Abstract: Neto. Association Between Use of Lung-Protective Ventilation With Lower Tidal Volumes and Clinical Outcomes Among Patients Without Acute Respiratory Distress Syndrome: A Meta-analysis. JAMA 2012;308(16):1651

 

Archives of Internal Medicine:     Guidelines

Kung et al completed a systematic review and meta analysis to assess whether new guidelines have been formulated in accordance with the Institute of Medicine standards for clinical practice guidelines. 130 guidelines were selected at random from the National Guideline Clearinghouse website for compliance with 18 of 25 IOM standards.  Compliance with the IOM standard was poor. The overall number of IOM standards met  was 8/18 (44.4%) {IQR: 6.5 (36.1%) to 9.5 (52.8%)}. Less then than half of guidelines  met more than 50% of the IOM standards, with barely a third of subspeciality produced guidelines meeting more than 50% of the IOM standards.  Information on conflicts of interest (COIs) was given in fewer than half of the guidelines surveyed, with COIs present in 71.4% of committee chairpersons and 90.5% of co-chairpersons in guidelines providing such information. Except for US government agency–produced guidelines, criteria used to select committee members and the selection process were rarely described. Committees developing guidelines rarely included an information scientist or a patient or patient representative. Non-English literature, unpublished data, and/or abstracts were rarely considered in developing guidelines; differences of opinion among committee members generally were not aired in guidelines; and benefits of recommendations were enumerated more often than potential harms. Guidelines published from 2006 through 2011 varied little with regard to average number of IOM standards satisfied.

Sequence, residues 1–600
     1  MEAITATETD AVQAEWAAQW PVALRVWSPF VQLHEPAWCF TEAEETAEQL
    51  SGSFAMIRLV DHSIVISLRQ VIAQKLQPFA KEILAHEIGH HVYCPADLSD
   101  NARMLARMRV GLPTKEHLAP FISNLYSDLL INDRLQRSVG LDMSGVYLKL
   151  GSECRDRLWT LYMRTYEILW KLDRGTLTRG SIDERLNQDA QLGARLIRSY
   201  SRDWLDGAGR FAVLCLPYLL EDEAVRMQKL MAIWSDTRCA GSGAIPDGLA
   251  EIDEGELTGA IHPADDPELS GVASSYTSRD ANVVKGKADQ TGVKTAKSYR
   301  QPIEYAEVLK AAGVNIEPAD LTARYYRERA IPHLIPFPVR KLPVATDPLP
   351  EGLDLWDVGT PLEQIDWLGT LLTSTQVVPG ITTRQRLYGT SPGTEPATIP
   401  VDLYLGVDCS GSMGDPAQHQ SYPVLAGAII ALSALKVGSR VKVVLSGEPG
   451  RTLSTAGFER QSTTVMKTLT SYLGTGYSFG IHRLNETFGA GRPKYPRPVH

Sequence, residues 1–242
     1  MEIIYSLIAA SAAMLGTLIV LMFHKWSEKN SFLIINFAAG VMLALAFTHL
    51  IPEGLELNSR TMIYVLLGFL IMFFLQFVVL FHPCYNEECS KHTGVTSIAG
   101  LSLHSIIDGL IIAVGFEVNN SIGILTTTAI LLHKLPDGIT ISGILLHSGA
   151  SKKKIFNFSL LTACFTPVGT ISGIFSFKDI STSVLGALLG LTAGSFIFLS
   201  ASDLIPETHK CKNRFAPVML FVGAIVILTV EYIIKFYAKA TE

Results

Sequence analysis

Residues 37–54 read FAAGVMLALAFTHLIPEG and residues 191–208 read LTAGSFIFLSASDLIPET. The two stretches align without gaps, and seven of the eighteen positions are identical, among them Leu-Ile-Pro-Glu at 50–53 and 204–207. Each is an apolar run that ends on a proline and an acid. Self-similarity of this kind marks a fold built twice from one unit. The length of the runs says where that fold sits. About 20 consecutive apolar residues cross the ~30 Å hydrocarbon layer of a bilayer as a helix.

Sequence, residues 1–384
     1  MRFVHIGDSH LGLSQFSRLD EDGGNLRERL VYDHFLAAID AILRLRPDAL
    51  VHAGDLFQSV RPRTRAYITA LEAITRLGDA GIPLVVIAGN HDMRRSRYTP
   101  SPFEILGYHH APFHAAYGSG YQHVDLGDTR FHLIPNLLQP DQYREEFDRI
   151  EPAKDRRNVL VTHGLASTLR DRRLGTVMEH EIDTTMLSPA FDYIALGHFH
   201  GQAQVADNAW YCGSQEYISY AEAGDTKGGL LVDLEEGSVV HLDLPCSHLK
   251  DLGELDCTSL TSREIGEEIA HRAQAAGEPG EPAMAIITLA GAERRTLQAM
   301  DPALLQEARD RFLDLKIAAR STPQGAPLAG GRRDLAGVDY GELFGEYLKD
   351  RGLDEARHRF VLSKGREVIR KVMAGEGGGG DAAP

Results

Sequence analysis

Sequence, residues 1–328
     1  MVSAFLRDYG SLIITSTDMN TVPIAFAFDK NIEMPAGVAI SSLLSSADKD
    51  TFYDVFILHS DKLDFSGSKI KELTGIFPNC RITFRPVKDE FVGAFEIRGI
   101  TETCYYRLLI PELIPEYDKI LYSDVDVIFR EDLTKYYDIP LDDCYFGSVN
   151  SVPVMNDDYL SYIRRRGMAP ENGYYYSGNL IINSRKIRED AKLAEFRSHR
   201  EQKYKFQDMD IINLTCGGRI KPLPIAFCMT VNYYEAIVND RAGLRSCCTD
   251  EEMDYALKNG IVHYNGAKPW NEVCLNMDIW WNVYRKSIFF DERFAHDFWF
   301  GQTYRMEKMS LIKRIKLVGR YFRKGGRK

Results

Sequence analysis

Abstract:  Kung. Failure of Clinical Practice Guidelines to Meet Institute of Medicine Standards. Two More Decades of Little, If Any, Progress. Arch Intern Med 2012;():1-6

 

Intensive Care Medicine:     Surviving Sepsis Campaign

Analysing the Surviving Sepsis Campaign database, Casserly identified 17,847 patients (from a total of 27,836) who required vasopressor therapy despite fluid resuscitation and therefore met the eligibility criteria for receiving low-dose steroids. 50.4 % received low-dose steroids for their septic shock. Patients in Europe (59.4 %) and South America (51.9 %) were more likely to be prescribed low-dose steroids than those in North America (46.2 %, p < 0.001). The adjusted hospital mortality was significantly higher (OR 1.18; 95 % CI 1.09–1.23, p < 0.001) in those receiving low-dose steroids., including an association with increased adjusted hospital mortality even if they were prescribed within 8 h (OR 1.23, 95 % CI 1.13–1.34, p < 0.001).

Abstract:  Casserly. Low-dose steroids in adult septic shock: results of the Surviving Sepsis Campaign. Intensive Care Med 2012; epublished ahead of print

 

Critical Care:    Renal Replacement Therapy